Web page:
Tom Keegan: Kansas women’s basketball program gets off the schneid
It took third-year Kansas women’s basketball coach Brandon Schneider 27 tries to win his first regular-season Big 12 game.
It took him three tries to win two of them this season.
That’s what progress looks like.
Here’s what else it looks like: In Schneider’s first two trips to Hilton Coliseum to play Iowa State, the Jayhawks lost 65-49 and 87-58. Kansas nearly escaped Hilton with a victory before losing, 71-69, in this season’s Big 12 opener. The Jayhawks followed that up by defeating TCU in Allen Fieldhouse, 86-77, and Texas Tech in Lubbock, 60-47.
When KU lost its best player, Jessica Washington, for the season to an ACL injury in October, I figured it would be more of the same and told myself I might as well tune out the team until next year.
Schneider made a recruiting splash when he arrived at KU by adding transfers Washington and McKenzie Calvert to the roster, but neither one has played a part in these recent signs of recovery. Washington’s reduced to a cheerleader and Calvert transferred after last season.
Then again, I guess it’s not completely accurate to say Calvert hasn’t played a part in KU’s surprisingly competitive start to the season. She did have a secondhand role in it.
A highly rated high school guard who started her career at USC, where she averaged 10.2 points as a freshman, Calvert plays for Texas Tech now. She averaged 10.2 points for KU last season, but her minutes dwindled to nothing after she went into a deep shooting slump.
Calvert become eligible to play for Texas Tech as a graduate transfer at the semester.
She played 27 scoreless minutes vs. KU, took eight shots, turned it over six times and contributed two assists and three steals. A big part of KU junior newcomer Brianna Osorio’s role has been to shut down opposing point guards and she certainly did that to Calvert.
Christalah Lyons, a fellow junior college transfer, joins Osorio in the backcourt, and at 5-foot-5, is three inches shorter.
“I like how they’ve meshed with our returners,” Schneider said.
Lyons and Osorio have helped soften the blow of losing Washington, the Big 12’s leading scorer and newcomer of the year last season.
“It’s amazing how much one player can affect your depth, especially because of her ability to play two positions,” Schneider said of Washington. “It’s a punch in the gut, for sure. If you’re looking for a little bit of a silver lining, it happened our fourth practice in, so we had time to reevaluate.”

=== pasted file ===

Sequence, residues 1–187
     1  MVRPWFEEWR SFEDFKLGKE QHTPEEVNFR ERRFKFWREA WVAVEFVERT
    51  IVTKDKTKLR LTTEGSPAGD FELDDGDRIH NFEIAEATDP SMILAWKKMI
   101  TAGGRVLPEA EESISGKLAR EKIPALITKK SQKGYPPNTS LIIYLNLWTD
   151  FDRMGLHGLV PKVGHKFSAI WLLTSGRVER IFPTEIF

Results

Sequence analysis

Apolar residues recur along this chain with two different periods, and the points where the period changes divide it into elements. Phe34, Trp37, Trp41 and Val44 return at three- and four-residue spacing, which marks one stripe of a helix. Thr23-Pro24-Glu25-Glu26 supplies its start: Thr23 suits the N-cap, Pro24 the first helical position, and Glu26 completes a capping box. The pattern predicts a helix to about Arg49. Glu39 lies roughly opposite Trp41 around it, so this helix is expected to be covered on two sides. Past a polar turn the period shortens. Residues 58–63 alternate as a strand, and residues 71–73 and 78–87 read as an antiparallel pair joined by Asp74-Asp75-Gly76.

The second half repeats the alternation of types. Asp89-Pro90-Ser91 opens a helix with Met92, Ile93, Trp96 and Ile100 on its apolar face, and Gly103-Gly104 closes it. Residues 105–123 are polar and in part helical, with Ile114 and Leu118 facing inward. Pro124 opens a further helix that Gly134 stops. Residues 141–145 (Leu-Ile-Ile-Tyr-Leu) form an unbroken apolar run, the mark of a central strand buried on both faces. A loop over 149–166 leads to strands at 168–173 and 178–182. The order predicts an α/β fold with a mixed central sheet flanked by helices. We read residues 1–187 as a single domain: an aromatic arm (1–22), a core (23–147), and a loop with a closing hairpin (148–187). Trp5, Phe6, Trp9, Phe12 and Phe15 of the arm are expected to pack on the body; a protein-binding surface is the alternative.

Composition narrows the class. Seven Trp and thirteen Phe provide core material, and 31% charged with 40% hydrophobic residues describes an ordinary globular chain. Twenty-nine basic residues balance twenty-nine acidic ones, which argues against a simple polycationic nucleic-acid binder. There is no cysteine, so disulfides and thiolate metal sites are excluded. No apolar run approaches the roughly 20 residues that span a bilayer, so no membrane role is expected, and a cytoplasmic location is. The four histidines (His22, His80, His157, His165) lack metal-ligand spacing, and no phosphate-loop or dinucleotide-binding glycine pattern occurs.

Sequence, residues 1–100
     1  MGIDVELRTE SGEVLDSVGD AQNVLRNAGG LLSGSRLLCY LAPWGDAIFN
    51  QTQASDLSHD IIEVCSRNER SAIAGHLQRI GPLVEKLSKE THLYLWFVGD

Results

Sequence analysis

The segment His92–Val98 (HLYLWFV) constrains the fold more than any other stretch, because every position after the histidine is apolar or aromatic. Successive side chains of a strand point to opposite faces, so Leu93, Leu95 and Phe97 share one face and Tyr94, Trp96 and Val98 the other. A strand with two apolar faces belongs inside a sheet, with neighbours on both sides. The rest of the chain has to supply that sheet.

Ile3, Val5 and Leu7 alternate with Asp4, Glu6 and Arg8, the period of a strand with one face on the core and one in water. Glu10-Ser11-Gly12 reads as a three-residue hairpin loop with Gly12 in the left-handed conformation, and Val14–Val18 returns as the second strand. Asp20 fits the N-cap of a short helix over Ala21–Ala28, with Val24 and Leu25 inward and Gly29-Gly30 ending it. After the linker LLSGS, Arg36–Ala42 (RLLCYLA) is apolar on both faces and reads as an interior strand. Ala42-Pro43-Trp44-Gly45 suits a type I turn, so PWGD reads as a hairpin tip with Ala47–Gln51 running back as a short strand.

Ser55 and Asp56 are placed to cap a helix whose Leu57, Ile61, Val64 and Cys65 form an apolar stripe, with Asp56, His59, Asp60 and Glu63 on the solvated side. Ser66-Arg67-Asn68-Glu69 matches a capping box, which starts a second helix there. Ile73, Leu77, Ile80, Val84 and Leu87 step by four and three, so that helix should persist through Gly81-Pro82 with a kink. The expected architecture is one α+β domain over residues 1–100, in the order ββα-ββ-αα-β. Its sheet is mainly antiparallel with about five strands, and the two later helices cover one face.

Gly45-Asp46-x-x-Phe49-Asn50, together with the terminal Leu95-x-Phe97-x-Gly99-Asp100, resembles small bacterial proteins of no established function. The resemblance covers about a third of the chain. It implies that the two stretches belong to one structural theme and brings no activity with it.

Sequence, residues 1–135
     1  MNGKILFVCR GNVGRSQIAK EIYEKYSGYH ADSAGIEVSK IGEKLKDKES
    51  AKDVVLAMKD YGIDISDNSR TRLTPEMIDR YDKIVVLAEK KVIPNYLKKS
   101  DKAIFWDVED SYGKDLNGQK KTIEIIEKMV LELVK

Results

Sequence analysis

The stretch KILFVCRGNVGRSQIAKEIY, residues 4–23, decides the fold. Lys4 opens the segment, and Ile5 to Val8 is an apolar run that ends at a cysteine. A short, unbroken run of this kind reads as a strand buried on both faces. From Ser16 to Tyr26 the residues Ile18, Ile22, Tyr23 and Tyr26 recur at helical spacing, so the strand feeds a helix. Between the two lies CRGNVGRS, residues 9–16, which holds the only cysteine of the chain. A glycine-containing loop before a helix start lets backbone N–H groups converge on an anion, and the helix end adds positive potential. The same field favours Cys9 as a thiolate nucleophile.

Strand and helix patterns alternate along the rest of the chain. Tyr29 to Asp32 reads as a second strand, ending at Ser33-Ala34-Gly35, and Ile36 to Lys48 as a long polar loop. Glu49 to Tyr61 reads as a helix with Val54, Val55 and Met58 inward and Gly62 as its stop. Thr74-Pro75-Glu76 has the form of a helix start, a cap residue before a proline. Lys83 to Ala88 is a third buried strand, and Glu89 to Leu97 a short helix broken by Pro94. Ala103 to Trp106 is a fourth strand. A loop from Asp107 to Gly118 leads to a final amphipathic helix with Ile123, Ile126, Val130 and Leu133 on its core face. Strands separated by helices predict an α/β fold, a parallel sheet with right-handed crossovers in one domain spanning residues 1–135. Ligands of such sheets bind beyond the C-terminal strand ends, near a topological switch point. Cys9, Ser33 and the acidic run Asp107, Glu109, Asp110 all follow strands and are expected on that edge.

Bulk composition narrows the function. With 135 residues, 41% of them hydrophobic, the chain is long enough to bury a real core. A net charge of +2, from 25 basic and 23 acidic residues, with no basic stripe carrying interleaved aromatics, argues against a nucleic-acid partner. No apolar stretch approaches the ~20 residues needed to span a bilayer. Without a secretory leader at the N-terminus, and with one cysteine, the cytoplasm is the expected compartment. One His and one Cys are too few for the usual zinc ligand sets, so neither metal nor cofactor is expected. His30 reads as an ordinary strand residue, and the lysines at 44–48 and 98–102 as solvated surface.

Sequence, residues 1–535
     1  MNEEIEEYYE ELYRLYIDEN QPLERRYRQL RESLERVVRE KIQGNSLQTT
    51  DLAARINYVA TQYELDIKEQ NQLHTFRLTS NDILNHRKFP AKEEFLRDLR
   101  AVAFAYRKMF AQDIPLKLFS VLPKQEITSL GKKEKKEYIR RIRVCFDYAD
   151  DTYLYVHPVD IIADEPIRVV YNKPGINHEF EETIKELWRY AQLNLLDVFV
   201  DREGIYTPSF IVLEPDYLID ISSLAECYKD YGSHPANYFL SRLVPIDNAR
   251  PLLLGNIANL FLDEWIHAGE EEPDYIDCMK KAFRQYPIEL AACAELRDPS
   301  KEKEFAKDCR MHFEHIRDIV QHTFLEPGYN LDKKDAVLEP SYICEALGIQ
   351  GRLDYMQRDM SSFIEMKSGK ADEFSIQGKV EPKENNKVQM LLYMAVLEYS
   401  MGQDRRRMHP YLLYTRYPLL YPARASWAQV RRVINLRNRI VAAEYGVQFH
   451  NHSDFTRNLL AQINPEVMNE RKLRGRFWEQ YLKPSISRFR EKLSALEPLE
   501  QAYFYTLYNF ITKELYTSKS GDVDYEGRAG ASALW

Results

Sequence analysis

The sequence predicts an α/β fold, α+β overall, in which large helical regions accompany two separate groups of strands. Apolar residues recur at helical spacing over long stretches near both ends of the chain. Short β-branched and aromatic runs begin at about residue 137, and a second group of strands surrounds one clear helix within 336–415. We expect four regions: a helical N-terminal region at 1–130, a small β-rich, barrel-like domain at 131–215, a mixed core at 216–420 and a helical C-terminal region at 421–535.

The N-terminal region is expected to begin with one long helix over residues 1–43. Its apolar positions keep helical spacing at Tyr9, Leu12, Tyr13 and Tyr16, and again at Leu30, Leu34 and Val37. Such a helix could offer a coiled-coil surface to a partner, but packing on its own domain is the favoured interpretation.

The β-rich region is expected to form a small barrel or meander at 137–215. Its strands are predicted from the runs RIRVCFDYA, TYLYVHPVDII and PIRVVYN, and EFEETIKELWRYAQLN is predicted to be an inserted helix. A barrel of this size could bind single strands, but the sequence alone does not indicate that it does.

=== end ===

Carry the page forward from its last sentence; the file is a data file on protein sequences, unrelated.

The self-study resulted in Schneider easing off on defensive pressure and another aspect involved urging Lyons to become more than a facilitator. Lyons answered the call, and with a 14.8 scoring average, ranks behind only Kylee Kopatich (15.4).
“She’s really stepped up in the absence of Washington,” Schneider said of Lyons. “We recruited her to be a little bit more of a point guard, a distributor, so that we could play Washington off the ball more. With Jess’ injury, we really had to challenge Christalah to be more aggressive and provide us with some offense. She’s shown a lot more than even what we saw when we were recruiting her.”
Kansas has not finished with a winning record in Big 12 play since going 11-5 in 1999-2000 under coach Marian Washington. With No. 6 Baylor, No. 12 West Virginia and No. 8 Texas up next for the Jayhawks, Saturday might be the only opportunity to see KU start a game with a winning Big 12 record.
Baylor’s 6-7 junior Kalani Brown ranks third in the conference in scoring (21.5) and rebounding (9.1) and leads the Big 12 in a .731 field-goal percentage.
KU isn’t ready to make a game of it against that sort of team or player, but reaching the WNIT is a realistic goal and would be quite an accomplishment for a school that went 0-18 two seasons ago and 2-16 last season.
Most of the roster returns next season and Washington likely will gain another year of eligibility via the medical-redshirt rule. Plus, point guard Brooklyn Mitchell from New Orleans signed with Kansas and is the No. 45-ranked prospect in the nation, per Dan Olson of Collegiate Girls Basketball Report.
That’s what progress looks like.